While on duty in 2017, Border Patrol agent Matthew Bowen was driving in a government-issued pickup truck when he saw Antolin Rolando Lopez-Aguilar, a migrant from Guatemala, attempting to cross into the United States.
During his eleven years as an agent, Bowen had experienced many similar scenes. But instead of following protocol when he saw Mr. Lopez-Aguilar running away, Bowen hit him with the pickup truck. Twice.
Now, after pleading guilty to misdemeanor charges, Bowen was finally sentenced in late November 2019. He received just three years of probation.
Bowen’s actions were only the latest in a documented history of violent behavior and anti-immigrant attitudes. Court documents revealed a series of hateful, racist text messages in which he refers to people attempting to cross into the U.S. as “disgusting subhuman shit unworthy of being kindling in a fire.” He had also been investigated several times for use of excessive force.
These messages and actions are tragically reflective of a culture of violence and dehumanization within the nation’s largest law enforcement agency, Customs and Border Protection (CBP). A culture that has been emboldened by President Trump’s own vile rhetoric, including suggestions that agents shoot migrants in the legs.
Even Bowen’s own attorney admitted that his client’s racist remarks toward migrants are “commonplace throughout the Border Patrol’s Tucson Sector” and “part of the agency's culture.”
The question remains whether Congress will ever hold CBP accountable for its ongoing abuses.
Congress’ funding deluge over the past decade rapidly expanded hiring and included little to no concern for consequences. Border Patrol’s own union warned the agency about watered-down training and hiring standards, hiring “bodies” that would prove to be unqualified, if not fully corrupt.
By the time Trump took office, CBP employed 19,437 Border Patrol agents, with roughly 85% tasked with patrolling the southwest border — amounting to nearly nine agents per linear mile.
Much of what we know about the agency’s culture is from investigative reporting, independent reports by non-governmental organizations, and documents obtained through Freedom of Information Act requests and litigation.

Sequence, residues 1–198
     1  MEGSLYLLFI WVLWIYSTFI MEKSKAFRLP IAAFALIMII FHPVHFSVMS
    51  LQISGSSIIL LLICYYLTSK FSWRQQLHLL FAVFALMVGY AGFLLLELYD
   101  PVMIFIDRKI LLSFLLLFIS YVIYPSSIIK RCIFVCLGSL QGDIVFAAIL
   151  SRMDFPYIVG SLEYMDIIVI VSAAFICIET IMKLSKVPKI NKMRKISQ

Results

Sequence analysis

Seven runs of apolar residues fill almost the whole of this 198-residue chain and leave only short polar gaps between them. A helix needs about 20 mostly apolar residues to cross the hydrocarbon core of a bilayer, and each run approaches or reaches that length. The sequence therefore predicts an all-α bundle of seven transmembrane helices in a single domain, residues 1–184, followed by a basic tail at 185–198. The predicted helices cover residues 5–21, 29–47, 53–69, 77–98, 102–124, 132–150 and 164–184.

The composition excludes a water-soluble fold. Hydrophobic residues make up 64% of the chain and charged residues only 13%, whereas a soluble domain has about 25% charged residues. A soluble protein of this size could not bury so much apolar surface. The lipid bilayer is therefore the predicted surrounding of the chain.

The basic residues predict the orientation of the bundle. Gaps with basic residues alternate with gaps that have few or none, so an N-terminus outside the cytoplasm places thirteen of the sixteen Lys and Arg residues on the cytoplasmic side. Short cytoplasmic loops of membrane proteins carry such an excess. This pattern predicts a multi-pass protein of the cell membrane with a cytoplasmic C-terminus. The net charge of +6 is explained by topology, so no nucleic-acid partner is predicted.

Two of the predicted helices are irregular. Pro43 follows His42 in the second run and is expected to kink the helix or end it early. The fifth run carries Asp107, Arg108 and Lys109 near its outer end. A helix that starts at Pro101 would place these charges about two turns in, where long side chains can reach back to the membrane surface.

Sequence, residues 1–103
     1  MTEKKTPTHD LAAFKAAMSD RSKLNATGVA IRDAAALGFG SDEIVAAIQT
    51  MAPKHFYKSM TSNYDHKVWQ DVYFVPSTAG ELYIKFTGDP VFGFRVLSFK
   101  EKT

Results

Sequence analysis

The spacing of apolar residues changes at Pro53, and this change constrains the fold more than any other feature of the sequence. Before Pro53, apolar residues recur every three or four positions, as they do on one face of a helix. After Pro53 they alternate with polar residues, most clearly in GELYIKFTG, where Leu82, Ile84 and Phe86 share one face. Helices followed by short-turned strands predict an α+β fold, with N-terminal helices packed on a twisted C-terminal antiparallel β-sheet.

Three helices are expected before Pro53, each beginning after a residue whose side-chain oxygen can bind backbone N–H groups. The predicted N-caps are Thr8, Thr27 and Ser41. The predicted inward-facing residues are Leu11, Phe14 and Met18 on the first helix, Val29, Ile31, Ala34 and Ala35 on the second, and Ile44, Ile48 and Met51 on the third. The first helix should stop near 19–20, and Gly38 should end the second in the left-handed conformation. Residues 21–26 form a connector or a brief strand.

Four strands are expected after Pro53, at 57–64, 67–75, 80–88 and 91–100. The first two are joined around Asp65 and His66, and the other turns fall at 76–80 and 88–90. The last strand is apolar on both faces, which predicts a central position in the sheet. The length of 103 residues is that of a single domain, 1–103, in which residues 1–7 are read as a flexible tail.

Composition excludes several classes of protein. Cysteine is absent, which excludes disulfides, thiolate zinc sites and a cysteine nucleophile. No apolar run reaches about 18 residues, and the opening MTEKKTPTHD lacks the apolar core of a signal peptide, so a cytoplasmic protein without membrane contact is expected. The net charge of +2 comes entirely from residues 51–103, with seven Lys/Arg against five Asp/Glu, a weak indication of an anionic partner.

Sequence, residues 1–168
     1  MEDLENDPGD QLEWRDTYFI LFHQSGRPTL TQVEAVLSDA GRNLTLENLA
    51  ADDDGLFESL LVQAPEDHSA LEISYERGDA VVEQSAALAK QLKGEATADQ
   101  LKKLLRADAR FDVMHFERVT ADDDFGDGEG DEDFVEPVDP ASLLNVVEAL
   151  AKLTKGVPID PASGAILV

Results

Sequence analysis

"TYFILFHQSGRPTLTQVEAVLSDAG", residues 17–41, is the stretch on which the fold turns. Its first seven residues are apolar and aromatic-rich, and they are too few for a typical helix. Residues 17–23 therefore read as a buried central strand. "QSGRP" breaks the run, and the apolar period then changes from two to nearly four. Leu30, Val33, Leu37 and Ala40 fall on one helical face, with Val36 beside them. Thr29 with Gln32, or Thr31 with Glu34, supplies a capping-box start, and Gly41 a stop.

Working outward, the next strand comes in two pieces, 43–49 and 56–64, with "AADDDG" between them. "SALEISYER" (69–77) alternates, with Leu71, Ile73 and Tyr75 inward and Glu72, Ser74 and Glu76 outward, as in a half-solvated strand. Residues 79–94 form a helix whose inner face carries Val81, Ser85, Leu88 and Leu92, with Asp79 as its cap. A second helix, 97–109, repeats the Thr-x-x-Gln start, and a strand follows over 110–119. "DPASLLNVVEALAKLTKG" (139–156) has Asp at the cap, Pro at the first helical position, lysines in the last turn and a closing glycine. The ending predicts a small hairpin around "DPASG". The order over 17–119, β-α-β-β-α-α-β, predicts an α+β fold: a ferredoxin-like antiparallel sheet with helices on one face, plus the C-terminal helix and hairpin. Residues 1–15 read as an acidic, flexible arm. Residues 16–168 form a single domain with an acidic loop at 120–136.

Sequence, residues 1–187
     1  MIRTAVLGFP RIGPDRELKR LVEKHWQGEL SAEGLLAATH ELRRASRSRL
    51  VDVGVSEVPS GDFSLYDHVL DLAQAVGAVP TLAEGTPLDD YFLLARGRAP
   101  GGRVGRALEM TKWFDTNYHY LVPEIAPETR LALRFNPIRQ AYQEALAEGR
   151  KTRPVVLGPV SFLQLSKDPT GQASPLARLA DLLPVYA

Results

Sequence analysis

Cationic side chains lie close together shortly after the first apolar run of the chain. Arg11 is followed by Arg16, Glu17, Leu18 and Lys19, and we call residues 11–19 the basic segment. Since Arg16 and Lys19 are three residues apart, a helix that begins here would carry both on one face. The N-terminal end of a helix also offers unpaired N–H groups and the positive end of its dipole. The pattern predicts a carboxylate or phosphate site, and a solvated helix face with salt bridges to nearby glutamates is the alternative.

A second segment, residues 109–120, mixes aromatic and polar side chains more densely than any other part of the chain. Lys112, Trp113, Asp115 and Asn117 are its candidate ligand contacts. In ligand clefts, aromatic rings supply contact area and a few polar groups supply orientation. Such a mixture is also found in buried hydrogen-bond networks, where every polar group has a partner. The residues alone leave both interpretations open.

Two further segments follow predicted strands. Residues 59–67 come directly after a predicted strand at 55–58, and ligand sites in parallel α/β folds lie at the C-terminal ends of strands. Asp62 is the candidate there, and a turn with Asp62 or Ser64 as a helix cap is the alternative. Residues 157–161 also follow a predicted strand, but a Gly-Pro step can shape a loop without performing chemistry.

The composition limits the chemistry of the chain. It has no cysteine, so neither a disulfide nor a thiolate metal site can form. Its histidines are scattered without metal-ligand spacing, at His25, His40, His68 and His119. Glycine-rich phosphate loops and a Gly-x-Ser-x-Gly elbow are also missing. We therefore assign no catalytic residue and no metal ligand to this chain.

Between 2006 to 2016, the Cato Institute found that CBP misconduct outpaced other federal law enforcement agencies. Their analysis further noted that incomplete or inconsistent publicly available information made it “virtually impossible to assess the extent of corruption or misconduct” within the agency. In 2017, data obtained by the American Immigration Council revealed CBP took “no action” in 95.9% of complaints made against agents over a three-year period, including verbal abuse, theft of property, and physical assault.
Since January 2010, at least 98 people — including some U.S. citizens — have died following encounters with CBP personnel. And since 2003, seven individuals were shot across international borders as an escalated response to alleged rock-throwing. At least 12 migrants have also died in CBP custody in 2019, including many children — after a decade where no children died in CBP detention.
The agency’s culture of cruelty also seeps into detention conditions. Just last year, the ACLU and University of Chicago International Human Rights Clinic reviewed more than 30,000 pages of documents dating back to 2009 that describe shocking violence and abuse against migrant children in CBP custody, including verbal, physical and sexual abuse. Officials were aware of these abuses but failed to properly investigate or remedy them.
It’s clear that these abuses result from cultural deficits within the agency, not resource limitations, as the agency has claimed.
For now, Matthew Bowen is no longer a Border Patrol agent; he resigned as a part of his plea deal. But others like him are still in the ranks, as evidenced by the now-infamous Border Patrol agent Facebook group, replete with agents posting racist and sexually violent memes and reported by former agents turned whistleblowers.
We must value human life above anything else. And we must urge Congress to immediately address CBP’s systemic failures through robust oversight. To begin, Congress should require CBP to document and publicly report data on all uses of force and stops and searches, end its abusive detention conditions, and hold agents accountable when they violate agency policies that should serve to protect all people.
CBP must be transformed into an agency unrecognizable from its prior self, no longer shrouding its abuses behind iron curtains. Anything less all but ensures further abuse by an agency where cruel treatment of the most vulnerable has become the norm.